• Nowadays habit of many national leaders and economists is to plant various stories of macroeconomic recovery and prosperity models. However, nobody reveals or proposes how those models are financed as they don’t bring own funds for the purpose. Therefore, nobody seems to understand the urgent need for reform required to the credit creation and delivery system in line with modern monetary and supply side economics. Instead, every body talks about more and more laws and regulations because they don’t have any idea of how laws and regulations suppress markets and hamper the recovery.
  • The short analysis above shows that the present monetary operation policy in Sri Lanka is nothing more than a day job of a set of CB bureaucrats subject to several governance concerns. Therefore, the general public cannot expect any benefits from CB’s monetary operations in the new year 2024 and beyond.

Therefore, it is proposed that relevant policy-making authorities seriously consider innovating the country’s monetary system to fund the recovery of the economy across the sectors and activities if they are really interested in the recovery and humanity at least during their generation.

However, despite all highlights, concerns and recommendations presented above, the CB Annual Report for the year 2023 will state that the prudent and forward-looking monetary policy along with policy measures implemented by the government in 2023 have stabilized the economy and brought down inflation to a lower single digit which will facilitate the recovery of the economy in the medium-term under the IMF financial programme.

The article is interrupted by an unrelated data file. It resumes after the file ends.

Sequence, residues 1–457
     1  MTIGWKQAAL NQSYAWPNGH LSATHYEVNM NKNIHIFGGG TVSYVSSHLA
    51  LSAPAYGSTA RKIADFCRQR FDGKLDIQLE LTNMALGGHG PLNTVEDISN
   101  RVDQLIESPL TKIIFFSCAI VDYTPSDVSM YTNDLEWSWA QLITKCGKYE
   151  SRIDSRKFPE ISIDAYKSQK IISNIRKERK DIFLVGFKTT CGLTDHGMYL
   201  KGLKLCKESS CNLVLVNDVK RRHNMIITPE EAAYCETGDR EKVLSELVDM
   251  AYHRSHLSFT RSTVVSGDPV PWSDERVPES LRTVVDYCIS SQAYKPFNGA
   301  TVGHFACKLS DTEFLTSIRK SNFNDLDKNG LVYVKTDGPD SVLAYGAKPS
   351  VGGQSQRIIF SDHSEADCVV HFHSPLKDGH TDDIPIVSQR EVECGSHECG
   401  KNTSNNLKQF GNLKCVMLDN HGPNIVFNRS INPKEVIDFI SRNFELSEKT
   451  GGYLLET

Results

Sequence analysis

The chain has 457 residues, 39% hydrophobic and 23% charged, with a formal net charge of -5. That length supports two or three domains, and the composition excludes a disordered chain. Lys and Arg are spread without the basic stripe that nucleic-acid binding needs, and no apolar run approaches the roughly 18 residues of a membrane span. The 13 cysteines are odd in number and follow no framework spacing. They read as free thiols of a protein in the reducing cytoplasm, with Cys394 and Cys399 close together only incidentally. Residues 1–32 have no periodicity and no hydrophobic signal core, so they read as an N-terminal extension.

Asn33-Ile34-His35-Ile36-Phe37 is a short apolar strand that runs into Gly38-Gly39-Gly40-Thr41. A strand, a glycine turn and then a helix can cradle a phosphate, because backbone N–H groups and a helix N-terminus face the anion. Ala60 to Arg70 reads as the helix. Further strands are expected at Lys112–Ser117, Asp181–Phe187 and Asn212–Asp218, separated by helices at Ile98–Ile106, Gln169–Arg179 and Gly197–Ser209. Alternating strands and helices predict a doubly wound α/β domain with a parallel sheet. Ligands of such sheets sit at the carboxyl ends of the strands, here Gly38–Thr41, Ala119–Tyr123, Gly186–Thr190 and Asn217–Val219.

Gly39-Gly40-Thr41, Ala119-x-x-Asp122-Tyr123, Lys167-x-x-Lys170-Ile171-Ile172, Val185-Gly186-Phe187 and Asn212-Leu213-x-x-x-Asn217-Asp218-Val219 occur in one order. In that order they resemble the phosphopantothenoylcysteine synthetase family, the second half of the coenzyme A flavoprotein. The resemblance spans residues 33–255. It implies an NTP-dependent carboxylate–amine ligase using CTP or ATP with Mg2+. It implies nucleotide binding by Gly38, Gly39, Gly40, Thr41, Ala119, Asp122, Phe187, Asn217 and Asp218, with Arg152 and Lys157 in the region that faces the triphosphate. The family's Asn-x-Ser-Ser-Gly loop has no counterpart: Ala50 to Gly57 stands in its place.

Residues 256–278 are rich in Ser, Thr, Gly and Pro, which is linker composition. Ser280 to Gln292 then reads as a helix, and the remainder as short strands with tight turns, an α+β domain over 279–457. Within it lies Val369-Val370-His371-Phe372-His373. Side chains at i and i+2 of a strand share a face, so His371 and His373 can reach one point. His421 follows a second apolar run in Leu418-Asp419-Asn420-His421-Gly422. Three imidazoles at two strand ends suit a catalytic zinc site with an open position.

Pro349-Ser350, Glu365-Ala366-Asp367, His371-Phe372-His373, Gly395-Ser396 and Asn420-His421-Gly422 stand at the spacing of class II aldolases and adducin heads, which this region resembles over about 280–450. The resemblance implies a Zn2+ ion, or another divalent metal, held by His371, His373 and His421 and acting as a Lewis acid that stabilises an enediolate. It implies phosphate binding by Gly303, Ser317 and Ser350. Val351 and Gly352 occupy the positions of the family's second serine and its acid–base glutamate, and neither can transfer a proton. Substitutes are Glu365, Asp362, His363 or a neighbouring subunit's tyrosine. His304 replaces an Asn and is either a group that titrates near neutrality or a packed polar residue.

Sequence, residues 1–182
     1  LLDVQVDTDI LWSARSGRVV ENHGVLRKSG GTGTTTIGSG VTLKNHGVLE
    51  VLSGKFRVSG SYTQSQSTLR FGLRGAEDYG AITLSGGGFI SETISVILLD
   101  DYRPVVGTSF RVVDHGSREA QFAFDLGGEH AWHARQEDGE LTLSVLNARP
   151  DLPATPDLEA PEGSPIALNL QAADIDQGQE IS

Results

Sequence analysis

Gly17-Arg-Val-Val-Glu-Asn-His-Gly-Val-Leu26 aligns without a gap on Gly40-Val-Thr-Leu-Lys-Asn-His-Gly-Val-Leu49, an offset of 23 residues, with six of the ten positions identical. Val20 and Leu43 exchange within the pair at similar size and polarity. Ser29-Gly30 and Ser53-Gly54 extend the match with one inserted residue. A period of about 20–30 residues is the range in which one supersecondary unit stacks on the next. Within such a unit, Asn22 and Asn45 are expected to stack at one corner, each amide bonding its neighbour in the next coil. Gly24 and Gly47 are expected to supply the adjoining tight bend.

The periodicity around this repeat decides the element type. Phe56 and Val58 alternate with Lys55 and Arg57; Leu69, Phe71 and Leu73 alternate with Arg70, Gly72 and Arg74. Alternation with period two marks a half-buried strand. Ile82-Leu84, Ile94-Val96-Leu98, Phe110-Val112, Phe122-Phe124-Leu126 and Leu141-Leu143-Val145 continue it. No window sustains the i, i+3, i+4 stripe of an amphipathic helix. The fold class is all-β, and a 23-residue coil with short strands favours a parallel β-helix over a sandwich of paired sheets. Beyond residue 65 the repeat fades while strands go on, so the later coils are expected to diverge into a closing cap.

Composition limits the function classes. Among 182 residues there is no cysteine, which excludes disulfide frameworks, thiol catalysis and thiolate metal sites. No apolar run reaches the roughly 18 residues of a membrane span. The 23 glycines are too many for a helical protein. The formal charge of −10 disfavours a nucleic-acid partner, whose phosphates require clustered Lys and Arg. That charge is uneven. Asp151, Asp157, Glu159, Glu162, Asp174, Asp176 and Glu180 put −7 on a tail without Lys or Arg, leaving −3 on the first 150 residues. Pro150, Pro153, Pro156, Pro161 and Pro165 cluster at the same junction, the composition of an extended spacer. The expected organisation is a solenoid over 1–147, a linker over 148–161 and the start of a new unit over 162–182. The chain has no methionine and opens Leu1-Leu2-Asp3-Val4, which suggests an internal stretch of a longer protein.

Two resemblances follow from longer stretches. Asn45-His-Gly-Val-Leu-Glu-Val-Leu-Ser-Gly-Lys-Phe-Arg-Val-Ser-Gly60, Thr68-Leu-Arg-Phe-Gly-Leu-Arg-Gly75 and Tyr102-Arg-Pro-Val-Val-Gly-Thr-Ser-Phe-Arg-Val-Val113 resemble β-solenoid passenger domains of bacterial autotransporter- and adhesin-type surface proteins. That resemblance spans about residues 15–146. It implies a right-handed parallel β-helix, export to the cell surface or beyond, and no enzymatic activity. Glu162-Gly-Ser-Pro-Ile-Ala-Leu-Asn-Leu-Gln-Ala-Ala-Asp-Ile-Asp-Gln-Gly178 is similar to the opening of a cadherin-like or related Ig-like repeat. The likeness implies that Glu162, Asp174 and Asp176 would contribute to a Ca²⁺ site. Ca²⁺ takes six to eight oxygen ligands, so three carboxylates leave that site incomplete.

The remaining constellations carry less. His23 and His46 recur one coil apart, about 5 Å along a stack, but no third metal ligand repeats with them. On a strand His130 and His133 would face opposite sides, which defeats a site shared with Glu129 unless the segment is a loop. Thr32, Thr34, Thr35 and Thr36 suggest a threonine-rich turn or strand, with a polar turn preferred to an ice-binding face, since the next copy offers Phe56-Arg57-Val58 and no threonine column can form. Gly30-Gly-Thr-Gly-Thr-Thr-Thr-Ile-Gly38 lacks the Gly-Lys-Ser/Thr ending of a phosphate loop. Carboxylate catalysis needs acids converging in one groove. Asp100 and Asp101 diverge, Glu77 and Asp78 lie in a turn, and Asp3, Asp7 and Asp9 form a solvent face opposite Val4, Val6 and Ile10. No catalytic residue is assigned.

(This article is released in the interest of participating in the professional dialogue to find out solutions to present economic crisis confronted by the general public consequent to the global Corona pandemic, subsequent economic disruptions and shocks both local and global and policy failures.)

P Samarasiri

Former Deputy Governor, Central Bank of Sri Lanka

(Former Director of Bank Supervision, Assistant Governor, Secretary to the Monetary Board and Compliance Officer of the Central Bank, Former Chairman of the Sri Lanka Accounting and Auditing Standards Board and Credit Information Bureau, Former Chairman and Vice Chairman of the Institute of Bankers of Sri Lanka, Former Member of the Securities and Exchange Commission and Insurance Regulatory Commission and the Author of 12 Economics and Banking Books and a large number of articles published. 

The author holds BA Hons in Economics from University of Colombo, MA in Economics from University of Kansas, USA, and international training exposures in economic management and financial system regulation)

Source: Economy Forward